Today, moonshine stills aren’t easily found around the mountains. Development into once rural areas has driven most of the distillers away. The 1980s saw a steep decline in the number of hidden stills discovered by law enforcement around the Blue Ridge Mountains.
In 2010, Asheville saw the introduction of its first legal moonshine distillery, Troy & Sons. Started by Troy Ball, the nation’s first female corn whiskey/moonshine distiller, she sought out to find the best corn in the region, which led her to a discovery at the McEntire farm, located 45 minutes outside of Asheville.
There she found Crooked Creek Corn, a white corn thought to be extinct in the region. However, the McEntires had been growing this heirloom corn for 120 years and tests confirm that this corn is pure, non-genetically modified and 100% all-American. Combine that with the pure mountain water and you have the best ingredients for the perfect moonshine recipe.
The History of Corn Whiskey in the Mountains
Moonshine in the Blue Ridge Mountains has seen a tumultuous past. Brought to the Asheville area by Scot-Irish settlers, corn whiskey was considered the same as a cash crop in the region and was vital to keeping people fed and with a roof over their heads. Around the end of the 1700s, George Washington placed a tax on alcohol, fueling the Whiskey Rebellion by farmers who lived in remote areas where it was difficult to get their grains to market. The tax was repealed in 1803, but only for a short while.
Revenuers would destroy still and then poor out the "rot gut." Image source.The Civil War era ushered in another tax on whiskey to help fund the Union army. However once the war ended, the tax remained as part of an effort to rebuild the nation. During this time the Revenue Bureau of the Treasury Department created a new police agency whose purpose was to seek out and destroy the stills of farmers not in compliance with the new tax.
This drove distillers to hide their stills in remote mountain regions. Farmer’s began producing corn whiskey at night under the cloak of darkness to prevent discovery. This is where the term moonshine began to come into play. This battle between the “revenuers” and the “moonshiners” would rage on for over a hundred years.
North Carolina Senator Zebulon Vance campaigned against the revenue laws in 1876, terming the revenue agents as “red-legged grasshoppers.” Because of the revenuers, Vance complained, “The time has come when an honest man can’t take an honest drink without having a gang of revenue officers against him.”
Moonshine in the 1900s
A moonshining legend in the mountains, Marvin "Popcorn" Sutton came from a long line of whiskey makers. Image source.In 1919, the revenuers fell under a new authority, the Bureau of Prohibition. They were in charge of enforcing the Volstead Act, also known as the National Prohibition Act, which banned the sale of alcoholic beverages having an alcohol content of greater than 2.75%. During this time, bootlegging and illegal alcohol sales skyrocketed, reaping $3 billion annually in untaxed spirits. Prohibition ended in 1933, but the heyday of moonshine had yet to arrive.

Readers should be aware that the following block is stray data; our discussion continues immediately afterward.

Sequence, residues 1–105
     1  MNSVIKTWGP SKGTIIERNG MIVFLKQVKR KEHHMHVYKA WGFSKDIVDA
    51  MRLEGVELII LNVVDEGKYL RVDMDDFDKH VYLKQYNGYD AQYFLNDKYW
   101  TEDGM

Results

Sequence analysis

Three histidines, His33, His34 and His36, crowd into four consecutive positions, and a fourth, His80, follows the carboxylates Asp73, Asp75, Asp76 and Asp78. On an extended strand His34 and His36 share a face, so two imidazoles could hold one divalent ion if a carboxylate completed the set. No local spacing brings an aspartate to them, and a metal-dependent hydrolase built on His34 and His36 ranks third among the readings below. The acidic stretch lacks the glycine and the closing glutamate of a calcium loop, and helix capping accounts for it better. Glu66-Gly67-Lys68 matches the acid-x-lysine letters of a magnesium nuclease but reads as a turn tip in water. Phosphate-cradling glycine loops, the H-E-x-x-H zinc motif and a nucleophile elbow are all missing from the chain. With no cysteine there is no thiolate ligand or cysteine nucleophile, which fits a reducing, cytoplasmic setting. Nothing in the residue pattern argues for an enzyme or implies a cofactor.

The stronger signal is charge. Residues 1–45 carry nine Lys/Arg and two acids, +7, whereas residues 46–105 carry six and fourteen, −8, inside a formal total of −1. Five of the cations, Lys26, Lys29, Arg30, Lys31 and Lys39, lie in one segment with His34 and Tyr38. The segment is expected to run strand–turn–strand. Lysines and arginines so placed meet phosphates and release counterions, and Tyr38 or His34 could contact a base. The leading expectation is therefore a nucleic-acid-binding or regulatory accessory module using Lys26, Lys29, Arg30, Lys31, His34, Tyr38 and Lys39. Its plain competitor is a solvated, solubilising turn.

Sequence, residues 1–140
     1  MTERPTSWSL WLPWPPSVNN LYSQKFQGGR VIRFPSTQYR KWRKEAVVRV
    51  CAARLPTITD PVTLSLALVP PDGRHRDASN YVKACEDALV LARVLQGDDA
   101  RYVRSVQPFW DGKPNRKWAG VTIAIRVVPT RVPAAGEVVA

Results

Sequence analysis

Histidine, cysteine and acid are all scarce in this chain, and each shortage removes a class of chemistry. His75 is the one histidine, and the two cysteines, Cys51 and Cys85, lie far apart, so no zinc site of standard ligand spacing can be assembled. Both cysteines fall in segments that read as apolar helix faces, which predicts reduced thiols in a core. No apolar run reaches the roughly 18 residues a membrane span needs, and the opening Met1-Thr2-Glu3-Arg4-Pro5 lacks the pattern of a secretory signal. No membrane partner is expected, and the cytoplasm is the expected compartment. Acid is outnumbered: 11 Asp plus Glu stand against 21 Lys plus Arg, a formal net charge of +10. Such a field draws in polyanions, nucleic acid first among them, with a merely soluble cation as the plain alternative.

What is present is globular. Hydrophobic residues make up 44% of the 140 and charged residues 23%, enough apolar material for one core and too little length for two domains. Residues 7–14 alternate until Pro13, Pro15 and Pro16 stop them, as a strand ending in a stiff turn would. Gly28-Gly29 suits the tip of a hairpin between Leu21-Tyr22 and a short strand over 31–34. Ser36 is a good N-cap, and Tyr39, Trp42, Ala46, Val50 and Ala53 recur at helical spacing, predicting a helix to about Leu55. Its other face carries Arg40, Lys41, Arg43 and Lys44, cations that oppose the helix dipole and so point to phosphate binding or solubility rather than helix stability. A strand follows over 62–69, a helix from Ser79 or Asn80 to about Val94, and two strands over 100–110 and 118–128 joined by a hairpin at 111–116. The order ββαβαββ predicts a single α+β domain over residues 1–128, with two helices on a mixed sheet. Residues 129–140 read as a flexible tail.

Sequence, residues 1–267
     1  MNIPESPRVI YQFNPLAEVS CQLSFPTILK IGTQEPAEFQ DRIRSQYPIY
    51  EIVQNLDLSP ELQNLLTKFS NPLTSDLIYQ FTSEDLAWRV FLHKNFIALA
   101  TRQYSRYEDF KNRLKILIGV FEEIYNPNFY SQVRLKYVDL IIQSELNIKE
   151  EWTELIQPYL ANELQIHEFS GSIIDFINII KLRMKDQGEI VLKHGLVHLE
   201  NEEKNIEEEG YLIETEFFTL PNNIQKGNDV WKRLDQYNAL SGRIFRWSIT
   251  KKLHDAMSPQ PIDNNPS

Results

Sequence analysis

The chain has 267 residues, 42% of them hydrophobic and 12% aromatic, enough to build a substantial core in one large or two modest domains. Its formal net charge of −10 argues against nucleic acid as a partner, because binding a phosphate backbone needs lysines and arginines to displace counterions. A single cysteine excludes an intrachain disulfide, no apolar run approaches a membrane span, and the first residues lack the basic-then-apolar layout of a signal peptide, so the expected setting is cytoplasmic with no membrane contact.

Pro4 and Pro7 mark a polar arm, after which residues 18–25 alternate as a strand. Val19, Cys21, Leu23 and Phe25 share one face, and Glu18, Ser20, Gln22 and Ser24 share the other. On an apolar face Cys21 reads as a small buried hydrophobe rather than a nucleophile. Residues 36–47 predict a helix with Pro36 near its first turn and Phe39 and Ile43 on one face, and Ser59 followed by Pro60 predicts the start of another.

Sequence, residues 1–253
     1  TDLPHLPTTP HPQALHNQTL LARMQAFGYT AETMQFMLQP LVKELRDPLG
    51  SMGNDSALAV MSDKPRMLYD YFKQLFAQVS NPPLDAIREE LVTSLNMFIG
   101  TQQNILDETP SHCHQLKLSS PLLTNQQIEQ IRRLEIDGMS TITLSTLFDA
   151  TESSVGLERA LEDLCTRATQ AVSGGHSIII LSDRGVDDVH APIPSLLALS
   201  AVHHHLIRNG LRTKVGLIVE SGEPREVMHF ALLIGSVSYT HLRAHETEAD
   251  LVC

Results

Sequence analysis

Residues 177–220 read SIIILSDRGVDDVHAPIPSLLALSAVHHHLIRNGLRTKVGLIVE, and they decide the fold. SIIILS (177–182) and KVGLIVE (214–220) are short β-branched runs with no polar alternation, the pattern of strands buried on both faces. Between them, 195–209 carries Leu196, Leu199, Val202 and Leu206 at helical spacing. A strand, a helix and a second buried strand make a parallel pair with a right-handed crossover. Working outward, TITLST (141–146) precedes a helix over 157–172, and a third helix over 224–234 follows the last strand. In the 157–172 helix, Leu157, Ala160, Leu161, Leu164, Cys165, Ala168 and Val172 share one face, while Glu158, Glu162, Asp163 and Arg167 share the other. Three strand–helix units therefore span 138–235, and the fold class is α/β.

Moonshine & NASCAR
In the 1960s moonshine runners had gotten smart about avoiding capture. To outrun police, cars had to be fast and strong. The roots of NASCAR can be traced back to the days of running 'shine where people like Jimmy Johnson, a six-time National Championship winner, had been outrunning the law since he was 16. "On the race track, you're a-runnin' to beat someone," Johnson drawls. "Out on the highway, you're a-runnin' for your life."
Like many other runners of the time, Johnson’s cars were more powerful than those on the race tack. The engines were bored and stoked, supercharged and turbocharged. Suspensions were heavily modified to carry the extra weight in the trunk. By comparison, the revenuers' cars were anemic and called “mechanical miscarriages” by the agents that drove them. Most shiners were caught on-foot, not on the highways.
How is Moonshine Made?
The basic ingredients: Corn meal, sugar, water, yeast, malt.
The basic process:
Image courtesy of the Appalachian Cultural Museum, Appalachian State University, Boone, NC
Mix all ingredients together in a large container. After mixing, move the mixture, called "mash," into a still and leave it to ferment. How quickly this process occurs depends on the warmth of the mash.
Heat the mash to the point of vaporization at 173 degrees. The mash will produce a clear liquid, often the color of dark beer. You must watch this process with careful attention as the mash should never reach the boiling point.
Trap vapor using a tube or coil. The vapor will be transferred into a second, empty container. The resulting condensation is the moonshine. It is then ready to drink or sell.
Keep mash in container. It is now called "slop." Add more sugar, water, malt, and corn meal and repeat the process.
Repeat the process up to eight times before replacing the mash.
With legal moonshine now available, bartenders are open to all new possibilities. Here are a couple of recipes from Asheville mixologists for you to try.